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I am trying to find an error in my code. The problem is the error occurs in a loop. But the loop iterates about 500 times. Instead of clicking through the loop. Is it possible to skip over a certain amount of the loop ??

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Did you ever get this resolved successfully? Do you still need help with this? –  jcolebrand Dec 14 '10 at 4:23

4 Answers 4

VS allows you to set a condition on a breakpoint in terms of variables that are in scope. So, in your case, you can test against the loop counter.

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3  
ok, I found it. Just right click on the break point and select hit count –  numerical25 May 24 '10 at 23:15

Here is a crude answer:

if ((iter % 10) == 0) {
    int stop = 1;
}

Then place a break-point at "int stop = 1;". Perhaps, there is a better way in VS but this is what I do from time-to-time.

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+1 That is the IDE implementation agnostic solution. –  Elijah May 24 '10 at 23:13
    
Quite. Just take the code out before you check in lest you make thedailywtf. –  Joshua May 24 '10 at 23:14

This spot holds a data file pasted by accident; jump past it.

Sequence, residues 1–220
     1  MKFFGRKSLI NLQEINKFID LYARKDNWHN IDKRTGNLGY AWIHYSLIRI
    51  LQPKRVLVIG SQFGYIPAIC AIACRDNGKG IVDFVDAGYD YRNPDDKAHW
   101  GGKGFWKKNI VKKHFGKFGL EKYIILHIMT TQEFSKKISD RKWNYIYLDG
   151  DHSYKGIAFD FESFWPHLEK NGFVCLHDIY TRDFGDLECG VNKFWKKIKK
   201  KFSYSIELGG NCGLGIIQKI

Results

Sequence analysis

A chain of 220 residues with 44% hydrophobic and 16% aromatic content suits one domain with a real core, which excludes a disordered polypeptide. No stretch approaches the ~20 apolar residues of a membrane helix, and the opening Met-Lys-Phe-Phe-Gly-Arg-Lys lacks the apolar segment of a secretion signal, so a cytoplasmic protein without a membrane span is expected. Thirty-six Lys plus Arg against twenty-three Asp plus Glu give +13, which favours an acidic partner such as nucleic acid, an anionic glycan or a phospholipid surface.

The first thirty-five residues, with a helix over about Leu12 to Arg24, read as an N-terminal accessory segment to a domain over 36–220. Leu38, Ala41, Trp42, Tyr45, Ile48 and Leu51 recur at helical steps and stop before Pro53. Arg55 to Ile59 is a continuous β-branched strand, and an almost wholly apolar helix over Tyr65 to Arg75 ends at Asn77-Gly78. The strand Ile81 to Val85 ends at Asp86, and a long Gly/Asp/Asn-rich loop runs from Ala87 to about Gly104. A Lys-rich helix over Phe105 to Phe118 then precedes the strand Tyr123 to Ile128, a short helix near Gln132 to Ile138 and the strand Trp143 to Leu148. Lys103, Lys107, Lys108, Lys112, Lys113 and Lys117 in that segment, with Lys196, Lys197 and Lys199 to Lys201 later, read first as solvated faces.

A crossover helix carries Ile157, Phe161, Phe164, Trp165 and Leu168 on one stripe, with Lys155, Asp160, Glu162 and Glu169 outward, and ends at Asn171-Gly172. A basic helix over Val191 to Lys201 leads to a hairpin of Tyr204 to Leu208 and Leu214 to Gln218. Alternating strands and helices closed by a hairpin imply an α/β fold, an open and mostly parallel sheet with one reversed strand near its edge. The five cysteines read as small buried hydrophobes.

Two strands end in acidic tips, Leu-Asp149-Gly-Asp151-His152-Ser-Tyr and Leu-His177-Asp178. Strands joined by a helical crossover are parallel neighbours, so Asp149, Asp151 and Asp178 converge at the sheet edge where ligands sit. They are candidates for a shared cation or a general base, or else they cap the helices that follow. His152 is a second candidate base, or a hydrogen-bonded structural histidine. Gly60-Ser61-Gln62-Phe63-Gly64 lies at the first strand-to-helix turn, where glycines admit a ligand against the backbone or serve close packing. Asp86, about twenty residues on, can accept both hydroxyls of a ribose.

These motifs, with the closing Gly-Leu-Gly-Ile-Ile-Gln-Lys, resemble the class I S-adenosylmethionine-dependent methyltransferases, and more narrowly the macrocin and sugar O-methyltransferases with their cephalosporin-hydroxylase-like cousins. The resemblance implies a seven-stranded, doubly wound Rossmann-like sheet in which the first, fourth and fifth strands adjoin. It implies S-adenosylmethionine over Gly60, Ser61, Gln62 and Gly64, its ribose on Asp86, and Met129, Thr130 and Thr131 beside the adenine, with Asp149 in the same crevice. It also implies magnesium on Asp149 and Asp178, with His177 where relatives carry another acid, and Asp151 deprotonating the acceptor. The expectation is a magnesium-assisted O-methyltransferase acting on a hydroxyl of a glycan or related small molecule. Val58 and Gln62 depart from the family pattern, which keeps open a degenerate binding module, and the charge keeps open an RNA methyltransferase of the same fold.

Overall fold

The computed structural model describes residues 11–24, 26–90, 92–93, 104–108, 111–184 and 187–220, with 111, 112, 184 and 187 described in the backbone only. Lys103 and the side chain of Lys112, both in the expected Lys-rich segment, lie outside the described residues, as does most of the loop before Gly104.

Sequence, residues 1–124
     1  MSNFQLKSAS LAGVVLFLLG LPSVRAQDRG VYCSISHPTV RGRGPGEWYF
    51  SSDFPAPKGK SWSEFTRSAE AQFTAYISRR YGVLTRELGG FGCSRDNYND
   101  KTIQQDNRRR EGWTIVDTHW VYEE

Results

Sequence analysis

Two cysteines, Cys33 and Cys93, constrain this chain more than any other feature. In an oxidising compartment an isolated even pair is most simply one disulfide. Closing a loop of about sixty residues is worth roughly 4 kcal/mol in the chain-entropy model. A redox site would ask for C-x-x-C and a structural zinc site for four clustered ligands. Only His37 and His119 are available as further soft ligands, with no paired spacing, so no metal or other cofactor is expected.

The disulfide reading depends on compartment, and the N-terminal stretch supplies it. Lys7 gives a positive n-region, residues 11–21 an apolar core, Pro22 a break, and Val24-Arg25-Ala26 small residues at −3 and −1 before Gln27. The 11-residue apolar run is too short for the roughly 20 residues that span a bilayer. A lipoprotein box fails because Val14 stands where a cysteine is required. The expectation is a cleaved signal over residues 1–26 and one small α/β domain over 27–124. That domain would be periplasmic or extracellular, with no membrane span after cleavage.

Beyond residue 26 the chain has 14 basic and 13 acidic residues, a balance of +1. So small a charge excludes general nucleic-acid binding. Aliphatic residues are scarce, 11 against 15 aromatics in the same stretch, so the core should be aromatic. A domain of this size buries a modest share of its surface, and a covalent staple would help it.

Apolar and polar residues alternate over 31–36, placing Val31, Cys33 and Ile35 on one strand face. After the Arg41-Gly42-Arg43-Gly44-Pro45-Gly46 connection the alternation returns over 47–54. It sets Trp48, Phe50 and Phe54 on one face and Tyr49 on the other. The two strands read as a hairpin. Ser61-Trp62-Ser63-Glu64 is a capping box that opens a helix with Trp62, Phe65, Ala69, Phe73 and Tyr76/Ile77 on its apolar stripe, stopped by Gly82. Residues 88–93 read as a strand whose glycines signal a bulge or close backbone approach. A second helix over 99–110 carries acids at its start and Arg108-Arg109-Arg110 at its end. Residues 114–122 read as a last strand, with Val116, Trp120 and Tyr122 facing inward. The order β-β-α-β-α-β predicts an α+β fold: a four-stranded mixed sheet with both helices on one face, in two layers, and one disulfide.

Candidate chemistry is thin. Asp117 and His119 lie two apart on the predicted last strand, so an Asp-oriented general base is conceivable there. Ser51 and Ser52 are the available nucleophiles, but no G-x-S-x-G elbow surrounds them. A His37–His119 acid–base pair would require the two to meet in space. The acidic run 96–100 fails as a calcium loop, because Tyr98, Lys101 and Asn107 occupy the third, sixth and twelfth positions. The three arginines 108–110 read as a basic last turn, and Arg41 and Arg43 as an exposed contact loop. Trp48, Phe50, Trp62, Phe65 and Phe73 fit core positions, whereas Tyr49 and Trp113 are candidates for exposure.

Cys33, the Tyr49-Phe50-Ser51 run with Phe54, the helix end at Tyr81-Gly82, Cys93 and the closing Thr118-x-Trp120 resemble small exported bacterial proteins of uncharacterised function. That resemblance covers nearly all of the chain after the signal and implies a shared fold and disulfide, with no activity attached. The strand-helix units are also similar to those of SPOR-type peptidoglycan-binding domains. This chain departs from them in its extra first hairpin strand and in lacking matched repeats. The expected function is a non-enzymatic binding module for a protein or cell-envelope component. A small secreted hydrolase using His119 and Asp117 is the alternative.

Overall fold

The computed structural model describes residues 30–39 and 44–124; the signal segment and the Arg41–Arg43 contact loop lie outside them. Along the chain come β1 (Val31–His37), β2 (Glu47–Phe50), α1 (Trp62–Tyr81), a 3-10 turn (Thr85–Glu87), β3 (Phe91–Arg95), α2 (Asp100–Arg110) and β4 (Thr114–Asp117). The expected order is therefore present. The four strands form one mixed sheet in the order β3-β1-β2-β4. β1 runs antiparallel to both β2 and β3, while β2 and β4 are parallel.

If you want to do that, surround that code with #ifdef DEBUG / #endif so that it's not part of your production build. –  R Samuel Klatchko May 24 '10 at 23:44
1  
Conditional break-points can sometimes slow down your execution speed by a ridiculous amount. So if you need to skip millions or iterations instead of hundreds, this method can help preserve sanity. –  Alan May 25 '10 at 1:03

You can assign new values to variables during debug session. Step through the loop statements as many times as you like, then set your loop counter (or whatever other vars maintain loop condition) to terminate the loop.

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I'm not sure this is what he's looking for but something every programmer should know anyway. –  deft_code May 25 '10 at 0:17
    
The keyword is should, we should know many things ... –  Nikolai N Fetissov May 25 '10 at 0:56

Just put the breakpoint in the loop like indicated below >>. Use F5 to get to the condition that causes failure so you can loop through the individual pass. How to know where to break is up to you.

for (int i = 0; i < LOOPMAX; i++) {
>>some_proc(i);
  some_other_proc(i);
  some_third_proc(i);
}

By pressing F5 it'll continue running till it gets to the next breakpoint (the next pass through the code). Sure you'll have to hit it 500 times, but that beats some thousands of times. Combine this with @Troubador code above.

PS: This answer IS really simple, but some people don't know they can do this.

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